In addition to leg warmers and ’90s references, one leading trend takeaway from both the Paris men’s shows last month and the recently wrapped up New York Fashion Week is live streaming. Everyone is doing it; or, rather, all the big names (from Rodarte and Alexander Wang to Marc Jacobs). But, according to London’s Telegraph, while the introduction of new technology into fashion week speak is great for the masses that aren’t granted access to shows, it’s not so beneficial for another former fashion outsider: the blogger.
The paper goes so far as to argue that bloggers like Tavi and Bryanboy will soon “be eclipsed by something that’s bigger than both of them – the virtual front-row seat at the instant digital fashion show.” Ooo, scary right? Not exactly. In fact, I couldn’t disagree more. Front row access for the mainstream consumer will surely change a few things (the influence of fashion bloggers not being one of them). Seeing clothes in motion, first and foremost, adds a whole new dimension to the fashion show experience. While most consumers are used to seeing flat, 2-dimensional versions of various looks, getting to see the fringe of a Rodarte knit skirt sway just so, or the clomping of the late Alexander McQueen’s SS10 space shoes is as good an anecdote as any to reinvigorating an interest in shopping that may have been suffocated by the recession.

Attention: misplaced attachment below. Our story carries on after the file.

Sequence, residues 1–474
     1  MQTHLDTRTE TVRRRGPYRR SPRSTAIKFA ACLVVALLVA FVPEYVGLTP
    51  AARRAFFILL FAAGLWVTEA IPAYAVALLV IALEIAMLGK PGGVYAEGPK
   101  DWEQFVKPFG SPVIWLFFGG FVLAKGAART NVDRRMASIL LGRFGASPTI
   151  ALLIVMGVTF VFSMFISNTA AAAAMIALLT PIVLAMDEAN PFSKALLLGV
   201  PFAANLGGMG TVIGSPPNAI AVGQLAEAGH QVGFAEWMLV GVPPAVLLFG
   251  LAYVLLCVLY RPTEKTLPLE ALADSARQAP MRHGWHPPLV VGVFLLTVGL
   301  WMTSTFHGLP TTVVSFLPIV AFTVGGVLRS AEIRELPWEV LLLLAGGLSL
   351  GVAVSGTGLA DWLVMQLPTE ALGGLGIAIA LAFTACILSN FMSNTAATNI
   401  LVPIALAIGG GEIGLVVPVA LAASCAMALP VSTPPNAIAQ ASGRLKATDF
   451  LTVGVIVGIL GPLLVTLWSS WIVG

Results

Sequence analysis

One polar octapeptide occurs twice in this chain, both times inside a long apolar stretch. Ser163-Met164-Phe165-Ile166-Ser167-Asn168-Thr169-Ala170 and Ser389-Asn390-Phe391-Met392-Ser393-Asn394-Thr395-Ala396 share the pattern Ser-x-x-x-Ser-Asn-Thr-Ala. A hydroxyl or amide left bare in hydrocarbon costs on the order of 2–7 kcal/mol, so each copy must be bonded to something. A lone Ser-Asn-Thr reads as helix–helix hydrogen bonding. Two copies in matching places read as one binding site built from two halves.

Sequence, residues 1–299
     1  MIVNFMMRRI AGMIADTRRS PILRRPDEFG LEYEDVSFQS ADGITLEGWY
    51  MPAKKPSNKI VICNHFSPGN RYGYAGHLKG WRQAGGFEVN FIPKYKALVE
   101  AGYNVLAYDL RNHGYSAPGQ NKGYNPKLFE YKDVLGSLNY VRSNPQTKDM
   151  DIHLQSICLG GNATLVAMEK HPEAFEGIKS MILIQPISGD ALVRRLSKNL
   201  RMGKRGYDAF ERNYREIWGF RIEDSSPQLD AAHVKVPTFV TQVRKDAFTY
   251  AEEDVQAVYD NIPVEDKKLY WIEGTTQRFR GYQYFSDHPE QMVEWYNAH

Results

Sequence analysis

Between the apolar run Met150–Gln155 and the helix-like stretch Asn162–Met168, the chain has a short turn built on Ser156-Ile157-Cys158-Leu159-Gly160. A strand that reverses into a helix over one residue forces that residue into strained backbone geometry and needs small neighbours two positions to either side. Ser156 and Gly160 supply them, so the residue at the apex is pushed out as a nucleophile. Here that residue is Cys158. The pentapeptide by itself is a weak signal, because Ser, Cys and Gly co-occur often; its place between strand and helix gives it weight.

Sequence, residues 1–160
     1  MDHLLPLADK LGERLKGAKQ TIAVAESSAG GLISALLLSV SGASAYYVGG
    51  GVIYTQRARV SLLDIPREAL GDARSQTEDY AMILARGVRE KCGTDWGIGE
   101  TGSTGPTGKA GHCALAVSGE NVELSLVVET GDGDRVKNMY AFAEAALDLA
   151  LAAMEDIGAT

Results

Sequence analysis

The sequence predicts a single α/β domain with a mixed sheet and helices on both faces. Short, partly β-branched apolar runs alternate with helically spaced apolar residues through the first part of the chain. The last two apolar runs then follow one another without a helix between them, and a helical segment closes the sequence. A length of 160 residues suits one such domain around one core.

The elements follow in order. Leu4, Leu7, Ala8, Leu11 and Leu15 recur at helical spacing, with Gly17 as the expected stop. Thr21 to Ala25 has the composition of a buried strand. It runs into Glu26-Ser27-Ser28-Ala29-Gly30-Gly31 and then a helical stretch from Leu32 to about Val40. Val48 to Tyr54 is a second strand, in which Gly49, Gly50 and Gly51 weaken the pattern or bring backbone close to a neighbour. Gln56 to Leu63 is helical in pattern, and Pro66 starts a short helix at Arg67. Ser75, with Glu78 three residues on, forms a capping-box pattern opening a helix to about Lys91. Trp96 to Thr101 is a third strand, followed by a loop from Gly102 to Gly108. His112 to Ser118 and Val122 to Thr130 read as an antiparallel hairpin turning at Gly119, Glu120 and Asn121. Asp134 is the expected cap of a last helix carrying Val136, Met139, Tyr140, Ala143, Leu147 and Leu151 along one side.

Also, live streaming inherently makes the runway show more relevant. For years a select few have been able to experience the often theatrical combination of live models, soundtrack and, in some cases, elaborate sets–lengths to which designers fewer and farther between have gone. But, now, if a significantly wider audience can appreciate all of the components one might pull together for an effective, evocative show, there’s all the more reason to refocus on the practice once seemingly destined for extinction.
But, back to the bloggers for a moment, let it be said that the likes of Tavi and Bryanboy are by no means critics. In fact, I’ve nary seen a full show review by either one. They’ll comment and take in shows front row, but their fashion influence is much more inextricably liked to their personalities, their personal style and their general accessibility in a world of frivolity and feverish exclusivity.
Live streaming is, however, a threat to sites like Style.com who garner absurd amounts of traffic thanks to the fact that they are one of the few free sites that publish images of entire shows shortly after they happen. If portholes like ShowStudio and brands themselves are hosting video streams of their live shows it means far less traffic for the sites that have long simply shown stills.